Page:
Do I have Illusions of Grandeur ?

Discussion in 'Professional Trading' started by Slyfoxed, Oct 4, 2005.

  1. Slyfoxed


    Hello All,

    I need some advice from the forum and the seasoned professionals.

    I've recently graduated from EE last year, and am currently working for a fairly large and reputable company.

    The Job is:
    - Secure
    - Moderately good pay
    - Excellent benefits, and stock plan
    - the work is in the IT field
    - most of the people here are great
    - my current manager is questionable
    - the current work I do gets very little respect within the company, (other then from our team) b/c its pretty much grunt work
    - 25-30 years later I would only probably be middle mangement with an avg 120K-150K salary (If i stayed that long)

    I feel that this is may not be the place for me. My goal is to one day be a fund manager or an equity trader with one of the big firms in NY. Except as of right now I dont' have any experience.

    I have been seriosly thinking about quitting my current job, and working for a Prop firm ie Swifttrade (I know the majority of the forum doesn' like ST) But i would just be using it to get experience. I have also been taking the csc, will take the derivatives, options course, and trading course available.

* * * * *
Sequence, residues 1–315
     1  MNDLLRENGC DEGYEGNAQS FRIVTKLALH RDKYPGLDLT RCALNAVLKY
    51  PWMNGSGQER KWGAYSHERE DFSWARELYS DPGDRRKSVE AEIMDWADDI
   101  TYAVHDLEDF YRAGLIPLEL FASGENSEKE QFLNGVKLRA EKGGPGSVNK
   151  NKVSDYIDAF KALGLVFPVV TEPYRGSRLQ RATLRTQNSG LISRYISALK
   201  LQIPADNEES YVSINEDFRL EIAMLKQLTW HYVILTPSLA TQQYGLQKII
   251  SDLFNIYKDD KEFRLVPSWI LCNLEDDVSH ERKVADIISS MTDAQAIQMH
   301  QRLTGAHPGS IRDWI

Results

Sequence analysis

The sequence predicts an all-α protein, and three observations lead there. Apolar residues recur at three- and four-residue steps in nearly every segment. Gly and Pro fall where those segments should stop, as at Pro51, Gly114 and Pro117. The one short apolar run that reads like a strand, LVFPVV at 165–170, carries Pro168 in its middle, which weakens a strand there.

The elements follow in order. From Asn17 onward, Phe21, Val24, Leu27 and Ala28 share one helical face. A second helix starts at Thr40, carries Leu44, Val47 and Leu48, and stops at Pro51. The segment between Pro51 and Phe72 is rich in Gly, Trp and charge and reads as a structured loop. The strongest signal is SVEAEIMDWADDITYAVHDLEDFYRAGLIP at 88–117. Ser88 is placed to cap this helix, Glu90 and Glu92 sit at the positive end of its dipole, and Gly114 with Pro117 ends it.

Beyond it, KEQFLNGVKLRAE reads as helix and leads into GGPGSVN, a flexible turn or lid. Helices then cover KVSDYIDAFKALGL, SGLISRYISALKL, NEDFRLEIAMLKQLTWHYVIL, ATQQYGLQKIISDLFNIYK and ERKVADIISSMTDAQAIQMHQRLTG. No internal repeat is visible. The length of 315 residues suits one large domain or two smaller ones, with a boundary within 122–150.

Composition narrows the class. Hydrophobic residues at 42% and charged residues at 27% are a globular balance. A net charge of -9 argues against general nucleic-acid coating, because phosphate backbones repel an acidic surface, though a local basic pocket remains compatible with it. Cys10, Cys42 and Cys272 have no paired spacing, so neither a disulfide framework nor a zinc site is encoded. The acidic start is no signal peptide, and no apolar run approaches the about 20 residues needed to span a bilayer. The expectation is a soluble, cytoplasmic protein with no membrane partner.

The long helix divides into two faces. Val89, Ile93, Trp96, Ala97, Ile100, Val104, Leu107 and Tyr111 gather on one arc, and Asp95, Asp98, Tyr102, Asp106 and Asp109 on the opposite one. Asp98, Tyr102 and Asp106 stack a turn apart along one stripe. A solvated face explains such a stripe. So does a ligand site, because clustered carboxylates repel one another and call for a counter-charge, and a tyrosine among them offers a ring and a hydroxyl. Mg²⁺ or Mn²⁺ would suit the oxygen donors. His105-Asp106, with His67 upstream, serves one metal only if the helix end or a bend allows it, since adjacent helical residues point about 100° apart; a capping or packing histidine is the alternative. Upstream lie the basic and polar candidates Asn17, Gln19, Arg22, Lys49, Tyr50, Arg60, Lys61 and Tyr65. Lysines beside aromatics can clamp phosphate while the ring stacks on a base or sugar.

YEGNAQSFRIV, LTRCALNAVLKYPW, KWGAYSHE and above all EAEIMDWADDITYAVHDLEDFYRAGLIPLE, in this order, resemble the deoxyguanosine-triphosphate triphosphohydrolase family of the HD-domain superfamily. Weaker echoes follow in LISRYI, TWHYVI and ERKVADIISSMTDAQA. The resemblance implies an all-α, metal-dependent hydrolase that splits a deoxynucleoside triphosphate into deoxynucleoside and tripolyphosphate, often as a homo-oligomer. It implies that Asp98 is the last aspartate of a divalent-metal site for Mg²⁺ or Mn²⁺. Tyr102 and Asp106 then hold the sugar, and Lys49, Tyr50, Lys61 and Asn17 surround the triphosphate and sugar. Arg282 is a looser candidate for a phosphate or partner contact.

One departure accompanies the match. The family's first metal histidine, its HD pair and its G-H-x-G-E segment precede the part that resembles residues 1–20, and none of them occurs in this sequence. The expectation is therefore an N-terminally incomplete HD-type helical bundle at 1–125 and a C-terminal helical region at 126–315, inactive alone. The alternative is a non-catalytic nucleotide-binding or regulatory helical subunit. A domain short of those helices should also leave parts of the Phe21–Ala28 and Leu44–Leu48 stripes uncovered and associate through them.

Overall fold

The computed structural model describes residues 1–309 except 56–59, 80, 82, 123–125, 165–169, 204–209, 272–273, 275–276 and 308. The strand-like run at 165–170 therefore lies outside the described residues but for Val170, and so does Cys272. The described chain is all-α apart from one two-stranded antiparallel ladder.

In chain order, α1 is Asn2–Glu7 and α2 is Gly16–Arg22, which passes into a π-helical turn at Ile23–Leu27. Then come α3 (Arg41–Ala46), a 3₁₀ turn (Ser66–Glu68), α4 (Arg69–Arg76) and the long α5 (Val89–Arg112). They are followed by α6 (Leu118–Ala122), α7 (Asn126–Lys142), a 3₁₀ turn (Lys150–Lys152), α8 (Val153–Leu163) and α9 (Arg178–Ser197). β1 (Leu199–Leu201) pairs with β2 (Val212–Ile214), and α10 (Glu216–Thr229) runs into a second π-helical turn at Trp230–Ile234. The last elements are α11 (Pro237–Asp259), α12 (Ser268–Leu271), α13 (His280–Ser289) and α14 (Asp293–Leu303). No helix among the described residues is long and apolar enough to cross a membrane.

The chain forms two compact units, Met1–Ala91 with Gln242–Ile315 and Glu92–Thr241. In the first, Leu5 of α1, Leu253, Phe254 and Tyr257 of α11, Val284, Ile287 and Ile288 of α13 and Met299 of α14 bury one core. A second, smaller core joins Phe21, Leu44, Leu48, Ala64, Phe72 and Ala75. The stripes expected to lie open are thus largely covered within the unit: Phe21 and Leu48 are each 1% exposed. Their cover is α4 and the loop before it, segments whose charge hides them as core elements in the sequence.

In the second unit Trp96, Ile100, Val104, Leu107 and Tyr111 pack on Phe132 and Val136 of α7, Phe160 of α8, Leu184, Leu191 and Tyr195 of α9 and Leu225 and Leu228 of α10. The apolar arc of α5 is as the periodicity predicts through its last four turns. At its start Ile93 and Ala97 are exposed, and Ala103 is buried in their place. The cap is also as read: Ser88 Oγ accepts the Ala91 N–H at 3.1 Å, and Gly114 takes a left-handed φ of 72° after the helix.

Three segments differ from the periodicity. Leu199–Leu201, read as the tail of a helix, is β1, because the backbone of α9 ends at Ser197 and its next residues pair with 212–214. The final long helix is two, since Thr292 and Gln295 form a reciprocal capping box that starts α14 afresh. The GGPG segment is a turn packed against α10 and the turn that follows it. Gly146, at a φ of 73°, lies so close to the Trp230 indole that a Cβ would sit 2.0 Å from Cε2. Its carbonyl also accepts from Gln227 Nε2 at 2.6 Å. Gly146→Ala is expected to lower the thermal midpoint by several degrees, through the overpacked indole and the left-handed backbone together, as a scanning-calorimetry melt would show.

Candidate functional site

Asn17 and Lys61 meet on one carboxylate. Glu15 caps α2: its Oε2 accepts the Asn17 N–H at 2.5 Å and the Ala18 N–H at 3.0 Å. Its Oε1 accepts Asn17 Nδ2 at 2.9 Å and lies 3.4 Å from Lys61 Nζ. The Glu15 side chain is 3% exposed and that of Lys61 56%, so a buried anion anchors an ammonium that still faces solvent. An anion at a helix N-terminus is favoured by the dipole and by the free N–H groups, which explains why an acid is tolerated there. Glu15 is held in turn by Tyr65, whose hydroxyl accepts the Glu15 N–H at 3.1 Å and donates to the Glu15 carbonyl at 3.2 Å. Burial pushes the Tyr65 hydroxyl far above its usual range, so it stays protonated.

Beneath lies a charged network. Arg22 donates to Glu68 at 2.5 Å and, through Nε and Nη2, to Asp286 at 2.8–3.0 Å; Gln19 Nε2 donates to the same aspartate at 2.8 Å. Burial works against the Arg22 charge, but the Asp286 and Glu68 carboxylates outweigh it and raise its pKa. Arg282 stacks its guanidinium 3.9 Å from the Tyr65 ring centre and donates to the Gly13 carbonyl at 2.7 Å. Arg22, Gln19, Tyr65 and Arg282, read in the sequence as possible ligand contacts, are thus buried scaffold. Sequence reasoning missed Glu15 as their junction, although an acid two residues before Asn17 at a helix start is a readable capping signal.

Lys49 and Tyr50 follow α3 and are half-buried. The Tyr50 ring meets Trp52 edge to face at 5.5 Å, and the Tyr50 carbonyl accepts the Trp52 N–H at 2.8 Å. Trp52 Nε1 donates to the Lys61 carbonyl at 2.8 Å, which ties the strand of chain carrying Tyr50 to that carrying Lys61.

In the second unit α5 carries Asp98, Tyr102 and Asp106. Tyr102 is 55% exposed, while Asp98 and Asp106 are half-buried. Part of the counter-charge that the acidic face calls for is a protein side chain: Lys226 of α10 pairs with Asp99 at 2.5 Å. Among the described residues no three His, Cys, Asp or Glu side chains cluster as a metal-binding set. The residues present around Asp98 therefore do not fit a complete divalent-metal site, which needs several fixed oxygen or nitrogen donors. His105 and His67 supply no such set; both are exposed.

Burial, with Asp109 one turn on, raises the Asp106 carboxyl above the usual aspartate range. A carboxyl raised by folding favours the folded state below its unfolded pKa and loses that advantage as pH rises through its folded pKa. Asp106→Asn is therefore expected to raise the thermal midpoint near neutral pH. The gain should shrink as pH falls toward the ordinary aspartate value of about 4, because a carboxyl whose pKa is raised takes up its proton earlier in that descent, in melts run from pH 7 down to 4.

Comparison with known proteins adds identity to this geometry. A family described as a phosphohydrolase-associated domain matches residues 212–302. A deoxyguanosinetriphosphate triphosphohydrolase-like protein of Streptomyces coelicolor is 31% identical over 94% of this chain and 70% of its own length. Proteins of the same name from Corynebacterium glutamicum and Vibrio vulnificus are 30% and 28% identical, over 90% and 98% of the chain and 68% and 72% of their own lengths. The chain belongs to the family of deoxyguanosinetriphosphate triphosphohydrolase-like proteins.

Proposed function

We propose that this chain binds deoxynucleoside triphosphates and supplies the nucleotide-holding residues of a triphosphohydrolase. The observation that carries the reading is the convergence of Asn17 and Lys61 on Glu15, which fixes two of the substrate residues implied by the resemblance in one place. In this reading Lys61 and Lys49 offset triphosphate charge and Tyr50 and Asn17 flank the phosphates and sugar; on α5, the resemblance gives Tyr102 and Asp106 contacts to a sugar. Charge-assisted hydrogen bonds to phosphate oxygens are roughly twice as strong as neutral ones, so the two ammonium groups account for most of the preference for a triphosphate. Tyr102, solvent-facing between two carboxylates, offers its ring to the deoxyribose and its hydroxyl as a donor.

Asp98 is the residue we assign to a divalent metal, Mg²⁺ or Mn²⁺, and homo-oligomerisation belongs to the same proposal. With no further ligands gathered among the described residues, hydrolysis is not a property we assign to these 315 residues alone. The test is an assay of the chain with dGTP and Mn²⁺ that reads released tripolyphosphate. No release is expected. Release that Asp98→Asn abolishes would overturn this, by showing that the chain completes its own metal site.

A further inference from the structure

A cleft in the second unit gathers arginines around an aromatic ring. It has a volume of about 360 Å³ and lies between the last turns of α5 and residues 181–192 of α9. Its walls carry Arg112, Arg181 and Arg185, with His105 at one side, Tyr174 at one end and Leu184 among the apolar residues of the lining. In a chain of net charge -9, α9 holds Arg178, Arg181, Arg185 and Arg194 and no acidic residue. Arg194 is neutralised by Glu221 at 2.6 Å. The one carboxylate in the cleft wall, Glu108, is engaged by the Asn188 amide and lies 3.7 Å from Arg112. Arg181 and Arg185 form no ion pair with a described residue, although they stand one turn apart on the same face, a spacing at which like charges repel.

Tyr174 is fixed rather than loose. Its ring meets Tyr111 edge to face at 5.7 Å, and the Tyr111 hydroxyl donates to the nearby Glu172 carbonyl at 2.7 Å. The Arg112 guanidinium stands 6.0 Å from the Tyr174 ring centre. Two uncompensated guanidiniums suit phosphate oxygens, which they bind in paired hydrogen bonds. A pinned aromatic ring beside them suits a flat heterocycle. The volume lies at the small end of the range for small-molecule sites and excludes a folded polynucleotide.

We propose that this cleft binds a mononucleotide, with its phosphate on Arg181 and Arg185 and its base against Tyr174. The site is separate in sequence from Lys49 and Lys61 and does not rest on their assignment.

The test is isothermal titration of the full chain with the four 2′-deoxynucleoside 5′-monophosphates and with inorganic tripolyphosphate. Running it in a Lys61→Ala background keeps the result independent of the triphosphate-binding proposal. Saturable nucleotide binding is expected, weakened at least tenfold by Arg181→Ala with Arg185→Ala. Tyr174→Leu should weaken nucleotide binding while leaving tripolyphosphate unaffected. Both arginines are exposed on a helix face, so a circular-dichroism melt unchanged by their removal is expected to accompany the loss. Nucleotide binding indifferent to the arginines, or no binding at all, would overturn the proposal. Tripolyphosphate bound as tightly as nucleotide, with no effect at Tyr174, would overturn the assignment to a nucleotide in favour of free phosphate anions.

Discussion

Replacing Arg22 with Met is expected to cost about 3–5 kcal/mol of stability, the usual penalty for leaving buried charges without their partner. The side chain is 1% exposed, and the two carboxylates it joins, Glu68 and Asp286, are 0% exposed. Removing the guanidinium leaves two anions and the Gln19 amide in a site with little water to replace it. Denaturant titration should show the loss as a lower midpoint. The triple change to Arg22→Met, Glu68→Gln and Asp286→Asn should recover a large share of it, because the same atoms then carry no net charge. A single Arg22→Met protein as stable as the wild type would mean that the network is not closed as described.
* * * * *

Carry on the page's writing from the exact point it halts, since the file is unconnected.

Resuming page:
a couple questions:

    1) would larger firms like Goldman, JP Morgan etc even care or look at that experience ?

    2) do you have any other recommendations on how to approach my goal ?

    I would basically have to give up a stable income, with a great company, but with a limited future,

    for a unstable income, but with a potentially unlimited future.

    Any advice, thoughts comments or concerns would be greatly appreciated.
  2. Your goal is basically unsafe risk taking at the moment.

    keep on working at your job,
    build up a nice stash of $100-200k-300k-500k in your bank account.

    Then think about trading.

    Working for a prop trading company daytrading is similar to cleaning bathrooms at walmart.

    I know there are some prop traders making great money , they are the exception of course.

    I would use a prop firm only for one thing:
    <b> LEVERAGE.</b>

    And Leverage is only used when you know how to trade well.
  3. Surdo


    Yes, you are "delusional", you may have illusions of such!
  4. Choad


    Lot of these threads lately...

    To beat EqtTrdr to it - Trading bubble? :p
  5. Slyfoxed,

    I've been in your situation two years ago (26 months ago to be exact). The only difference my background was computer science not EE.

    If you're single and don't spend too much, I am sure you already have or can soon have 30k in company stocks, savings, stock options... Sell everything and use these 30k to start swing trading on the side. At first just focus on not loosing too much. Trade 1k at the time if needed. IB are a very good brokers for small size since they charge 0.01 per share.

    If you do your homework (i.e. read as many of this threads as possible and as many books as possible -even the bad ones). You might be in your way to financial freedom sooner than you think.

    Especially read the threads from Acrary. I found the link at the top of this page called "Training" very useful as well.

    Today I am making swing/day trading much more than at my job (which is in the lower 100k).